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Tips to Maintain Your Energy during Changing Seasons

In the hustle and bustle of our busy lives, most of us can easily feel tired and drained. If you struggle with winter blues and lower energy levels, here are some tips to maintain your energy during the changing seasons and keep you feeling your moat energized self!


Why is maintaining our routine important?

As the days get shorter and darker, and the temperature drops outside, lots of us are left feeling like hibernating on the sofa and begin to see our healthy routines slip away. To make matters harder, the inevitable cold and flu season has started to gain traction and all too often we can find ourselves feeling low in energy, which is why it’s important to be prepared. Fuelling your body with vitamins and minerals over the winter months is crucial in helping to maintain energy levels and vitality, as well as making sure our lifestyle habits are helping, not hindering our immune systems.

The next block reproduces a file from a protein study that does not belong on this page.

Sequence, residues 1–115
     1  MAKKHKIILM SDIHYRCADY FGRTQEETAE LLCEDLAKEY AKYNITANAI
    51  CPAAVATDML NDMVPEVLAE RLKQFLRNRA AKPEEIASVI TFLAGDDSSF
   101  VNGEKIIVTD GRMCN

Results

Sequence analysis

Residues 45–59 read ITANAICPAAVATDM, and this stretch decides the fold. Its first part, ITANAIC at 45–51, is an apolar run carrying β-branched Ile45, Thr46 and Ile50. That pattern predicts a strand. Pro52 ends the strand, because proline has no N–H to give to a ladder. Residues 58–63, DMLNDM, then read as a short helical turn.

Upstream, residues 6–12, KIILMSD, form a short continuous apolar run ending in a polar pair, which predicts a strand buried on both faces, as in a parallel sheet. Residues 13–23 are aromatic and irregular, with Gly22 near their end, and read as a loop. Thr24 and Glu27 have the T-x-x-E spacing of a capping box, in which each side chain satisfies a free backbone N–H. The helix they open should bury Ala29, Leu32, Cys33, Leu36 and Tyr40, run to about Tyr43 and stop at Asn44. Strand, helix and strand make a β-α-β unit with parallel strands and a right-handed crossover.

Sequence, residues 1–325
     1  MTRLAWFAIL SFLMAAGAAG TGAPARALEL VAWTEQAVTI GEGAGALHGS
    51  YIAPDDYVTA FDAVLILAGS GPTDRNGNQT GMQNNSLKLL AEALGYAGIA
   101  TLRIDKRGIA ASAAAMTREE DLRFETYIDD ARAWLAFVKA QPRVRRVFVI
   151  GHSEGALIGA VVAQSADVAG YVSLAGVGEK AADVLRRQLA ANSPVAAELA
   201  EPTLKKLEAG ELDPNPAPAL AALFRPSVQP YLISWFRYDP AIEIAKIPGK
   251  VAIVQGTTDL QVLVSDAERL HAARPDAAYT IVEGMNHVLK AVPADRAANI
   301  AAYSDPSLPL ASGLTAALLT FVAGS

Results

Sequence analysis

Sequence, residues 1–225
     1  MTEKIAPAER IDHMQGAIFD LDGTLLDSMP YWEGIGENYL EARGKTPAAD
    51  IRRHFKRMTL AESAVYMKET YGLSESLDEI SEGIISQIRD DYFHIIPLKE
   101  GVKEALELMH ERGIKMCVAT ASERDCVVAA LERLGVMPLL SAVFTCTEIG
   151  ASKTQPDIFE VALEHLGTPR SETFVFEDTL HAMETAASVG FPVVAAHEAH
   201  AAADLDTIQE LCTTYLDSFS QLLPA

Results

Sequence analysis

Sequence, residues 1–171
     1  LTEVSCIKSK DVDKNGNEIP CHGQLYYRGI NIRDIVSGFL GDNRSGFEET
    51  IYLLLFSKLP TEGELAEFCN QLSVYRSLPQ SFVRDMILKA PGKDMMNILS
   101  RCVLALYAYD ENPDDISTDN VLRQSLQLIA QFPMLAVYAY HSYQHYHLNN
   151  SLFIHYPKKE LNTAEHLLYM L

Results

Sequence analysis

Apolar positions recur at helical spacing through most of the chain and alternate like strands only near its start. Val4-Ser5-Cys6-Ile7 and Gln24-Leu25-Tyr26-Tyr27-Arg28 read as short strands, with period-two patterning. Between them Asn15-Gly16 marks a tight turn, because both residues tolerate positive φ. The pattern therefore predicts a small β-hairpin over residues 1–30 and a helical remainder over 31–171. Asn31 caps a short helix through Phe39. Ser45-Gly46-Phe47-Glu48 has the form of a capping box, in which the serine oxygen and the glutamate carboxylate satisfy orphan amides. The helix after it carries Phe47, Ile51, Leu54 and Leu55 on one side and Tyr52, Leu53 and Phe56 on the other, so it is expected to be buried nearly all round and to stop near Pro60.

Stress tends to affect our energy and strength, as our bodies trigger a ‘fight or flight’ mode, which can leave us more vulnerable to outside influencers. While it may not be possible to completely remove stress from your life, there are things you can do to find calm, including scheduling in relaxation time and practicing mindfulness exercises. A quick YouTube browse for ‘guided meditation’ will give you plenty of free options if this is something you’d like to try out. There are also some meditation apps on the market such as Headspace, Calm and Aura that are great options if you want to set a reminder or build towards a certain goal. Keeping a journal can also help you stay grounded and assess how you are feeling in the moment.


Healthy foods